Antenna Aligners aren’t cheap and the last thing you want to do is send someone 200+ feet up a tower with no real experience in how to operate the tool. Not only does it waste time and money, but the chances of something going wrong and the device being damaged are increased. That’s where the simulation mode comes in.  Simulation mode allows you to train staff on how to use the device from the ground on a smartphone. And, you can use simulation mode without even owning a device – meaning you can already know how it operates before you buy it.

    Measurements

    With the ability to pre-program measurements from the app, you can ensure that you have the information you need when you’re working on the antenna. For added control, you can also set parameters for employees that lock their allowed margin of error. This feature can save valuable time and prevent costly mistakes.

    Reporting

    With a full suite of reporting features, the SmartAligner App can help speed up job completion time. Take pictures and jot down notes all within the app and easily attach them to your report.

    We have a full training series that covers the setup and operation of the mobile app. You can find that series by clicking here.

    Future-Proof

    How does this app make the device future-proof? Well, it’s all in the updates. Most antenna aligners on the market don’t have the ability to be updated from an app. Instead, you have to send the device in for costly software and hardware updates. Or, potentially just purchase a whole new unit. Multiwave built a device designed to stand the test of time and updates are as simple as opening the app.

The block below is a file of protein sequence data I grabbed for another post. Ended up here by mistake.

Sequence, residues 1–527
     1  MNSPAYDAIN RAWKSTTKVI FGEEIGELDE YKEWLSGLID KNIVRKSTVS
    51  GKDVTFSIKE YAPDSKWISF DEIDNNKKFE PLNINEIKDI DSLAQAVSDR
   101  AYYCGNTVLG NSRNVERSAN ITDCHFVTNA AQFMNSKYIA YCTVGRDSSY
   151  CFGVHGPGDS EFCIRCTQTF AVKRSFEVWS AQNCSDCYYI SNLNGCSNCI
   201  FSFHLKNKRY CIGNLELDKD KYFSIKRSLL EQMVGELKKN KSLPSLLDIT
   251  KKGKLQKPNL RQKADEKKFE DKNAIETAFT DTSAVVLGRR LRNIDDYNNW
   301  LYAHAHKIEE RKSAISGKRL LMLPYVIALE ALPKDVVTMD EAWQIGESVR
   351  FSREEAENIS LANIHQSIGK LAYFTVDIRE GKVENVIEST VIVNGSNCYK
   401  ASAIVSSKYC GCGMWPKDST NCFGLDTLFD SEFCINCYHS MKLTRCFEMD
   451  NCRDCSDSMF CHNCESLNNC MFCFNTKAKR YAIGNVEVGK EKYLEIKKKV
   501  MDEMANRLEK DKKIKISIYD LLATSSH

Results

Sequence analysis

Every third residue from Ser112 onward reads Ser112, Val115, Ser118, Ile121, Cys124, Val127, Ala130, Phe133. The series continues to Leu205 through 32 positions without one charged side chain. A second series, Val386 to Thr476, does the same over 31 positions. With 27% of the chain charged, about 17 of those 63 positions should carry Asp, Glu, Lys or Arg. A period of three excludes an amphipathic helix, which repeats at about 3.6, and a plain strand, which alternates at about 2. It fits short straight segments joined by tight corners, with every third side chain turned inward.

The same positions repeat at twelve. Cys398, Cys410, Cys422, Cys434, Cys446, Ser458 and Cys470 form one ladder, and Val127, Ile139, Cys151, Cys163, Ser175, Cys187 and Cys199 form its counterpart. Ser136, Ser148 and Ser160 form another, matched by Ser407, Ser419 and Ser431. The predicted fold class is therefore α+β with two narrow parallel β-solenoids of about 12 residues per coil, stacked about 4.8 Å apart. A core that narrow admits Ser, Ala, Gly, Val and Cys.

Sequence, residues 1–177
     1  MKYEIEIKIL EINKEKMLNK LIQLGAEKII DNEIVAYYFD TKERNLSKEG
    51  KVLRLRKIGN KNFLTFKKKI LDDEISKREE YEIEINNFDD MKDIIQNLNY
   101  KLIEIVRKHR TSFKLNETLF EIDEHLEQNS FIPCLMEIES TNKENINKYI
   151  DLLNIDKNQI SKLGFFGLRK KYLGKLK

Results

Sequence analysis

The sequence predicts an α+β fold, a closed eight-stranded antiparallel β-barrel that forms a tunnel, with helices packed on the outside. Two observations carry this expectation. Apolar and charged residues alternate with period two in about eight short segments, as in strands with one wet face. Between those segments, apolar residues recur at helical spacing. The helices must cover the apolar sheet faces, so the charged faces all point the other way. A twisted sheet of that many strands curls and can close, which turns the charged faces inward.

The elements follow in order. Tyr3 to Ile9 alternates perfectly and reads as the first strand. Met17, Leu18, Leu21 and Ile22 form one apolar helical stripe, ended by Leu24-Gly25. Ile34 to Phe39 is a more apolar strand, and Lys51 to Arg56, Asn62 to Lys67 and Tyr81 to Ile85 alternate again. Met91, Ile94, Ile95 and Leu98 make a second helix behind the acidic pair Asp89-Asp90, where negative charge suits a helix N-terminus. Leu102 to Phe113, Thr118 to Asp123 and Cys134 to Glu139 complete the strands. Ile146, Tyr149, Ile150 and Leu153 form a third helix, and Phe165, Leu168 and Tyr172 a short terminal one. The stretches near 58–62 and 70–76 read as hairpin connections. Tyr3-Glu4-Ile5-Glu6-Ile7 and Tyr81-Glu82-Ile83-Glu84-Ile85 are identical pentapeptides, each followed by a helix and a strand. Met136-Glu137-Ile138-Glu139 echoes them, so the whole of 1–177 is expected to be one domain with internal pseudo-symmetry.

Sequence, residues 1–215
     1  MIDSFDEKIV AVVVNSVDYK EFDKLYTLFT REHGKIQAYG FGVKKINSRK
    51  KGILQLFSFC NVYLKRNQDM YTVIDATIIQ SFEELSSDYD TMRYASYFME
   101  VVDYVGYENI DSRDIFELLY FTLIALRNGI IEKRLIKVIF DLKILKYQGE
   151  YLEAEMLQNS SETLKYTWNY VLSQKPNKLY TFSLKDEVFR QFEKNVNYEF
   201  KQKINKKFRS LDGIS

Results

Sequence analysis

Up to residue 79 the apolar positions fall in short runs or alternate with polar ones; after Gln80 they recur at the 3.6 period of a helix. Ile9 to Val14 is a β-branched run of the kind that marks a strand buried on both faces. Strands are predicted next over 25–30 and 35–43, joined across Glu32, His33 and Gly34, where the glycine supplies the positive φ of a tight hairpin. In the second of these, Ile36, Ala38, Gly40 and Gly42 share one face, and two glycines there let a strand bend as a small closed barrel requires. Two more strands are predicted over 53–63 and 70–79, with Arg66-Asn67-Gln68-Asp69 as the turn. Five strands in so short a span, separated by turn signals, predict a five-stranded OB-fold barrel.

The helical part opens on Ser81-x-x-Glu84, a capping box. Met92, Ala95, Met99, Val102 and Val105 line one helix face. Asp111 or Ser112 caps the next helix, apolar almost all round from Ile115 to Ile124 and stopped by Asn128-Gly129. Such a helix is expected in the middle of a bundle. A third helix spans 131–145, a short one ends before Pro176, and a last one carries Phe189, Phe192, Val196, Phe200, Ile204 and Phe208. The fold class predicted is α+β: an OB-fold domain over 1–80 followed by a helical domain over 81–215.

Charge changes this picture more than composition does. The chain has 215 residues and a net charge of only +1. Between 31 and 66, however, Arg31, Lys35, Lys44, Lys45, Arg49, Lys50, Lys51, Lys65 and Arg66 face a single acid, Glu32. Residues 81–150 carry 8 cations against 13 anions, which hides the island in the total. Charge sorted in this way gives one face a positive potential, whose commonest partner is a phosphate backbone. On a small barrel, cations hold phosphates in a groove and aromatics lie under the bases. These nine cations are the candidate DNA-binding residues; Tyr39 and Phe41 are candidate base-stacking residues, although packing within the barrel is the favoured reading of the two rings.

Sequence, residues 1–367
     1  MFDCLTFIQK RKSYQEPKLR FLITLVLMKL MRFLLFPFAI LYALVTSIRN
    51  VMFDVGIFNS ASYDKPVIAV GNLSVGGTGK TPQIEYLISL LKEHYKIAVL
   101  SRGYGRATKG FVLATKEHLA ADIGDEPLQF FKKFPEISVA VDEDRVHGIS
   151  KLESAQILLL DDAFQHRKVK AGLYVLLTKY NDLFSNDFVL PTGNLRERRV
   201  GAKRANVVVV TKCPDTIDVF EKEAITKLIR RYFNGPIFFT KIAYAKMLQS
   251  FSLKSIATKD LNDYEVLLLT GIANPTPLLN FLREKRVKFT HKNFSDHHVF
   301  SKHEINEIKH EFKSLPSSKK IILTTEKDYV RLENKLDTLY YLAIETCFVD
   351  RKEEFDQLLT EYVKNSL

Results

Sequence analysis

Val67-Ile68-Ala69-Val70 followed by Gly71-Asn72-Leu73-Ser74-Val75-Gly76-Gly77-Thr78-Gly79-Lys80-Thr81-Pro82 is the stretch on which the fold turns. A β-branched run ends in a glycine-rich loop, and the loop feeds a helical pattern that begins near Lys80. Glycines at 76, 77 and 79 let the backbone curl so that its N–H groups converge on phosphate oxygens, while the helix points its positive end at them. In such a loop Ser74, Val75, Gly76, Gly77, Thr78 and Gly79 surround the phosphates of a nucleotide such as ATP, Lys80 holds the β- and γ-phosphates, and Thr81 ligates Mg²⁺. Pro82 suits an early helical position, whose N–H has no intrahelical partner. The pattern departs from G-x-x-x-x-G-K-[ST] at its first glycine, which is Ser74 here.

The Tool


     

    We’ve talked a lot about the app, but what about the aligner itself? Well, it’s a pretty impressive piece of equipment – and boasts several features that separate it from the competition. The patented bracket allows the Aligner to be mounted securely and directly to most antennas without the need for costly accessories. The bracket is engineered to enable 18 different mounting configurations which help the tool automatically provide the Azimuth, Tilt, and Roll without having to do any math.

    The SmartAligner includes an easy to read backlit LCD screen that provides the information you need to do a proper alignment. A 3-point design provides more accurate alignment than any other product in its category. It does this by capitalizing on the best-in-class sensor spacing without increasing the size and space requirements of the tool. Last, but not least, the Aligner comes with a heavy-duty waterproof case so you can make sure to safely and securely transport your Aligner wherever the job may take you.

    For more information about the Antenna Aligner click here to contact one of our Gear Experts®.

    Click here to check out the Multiwave SmartAligner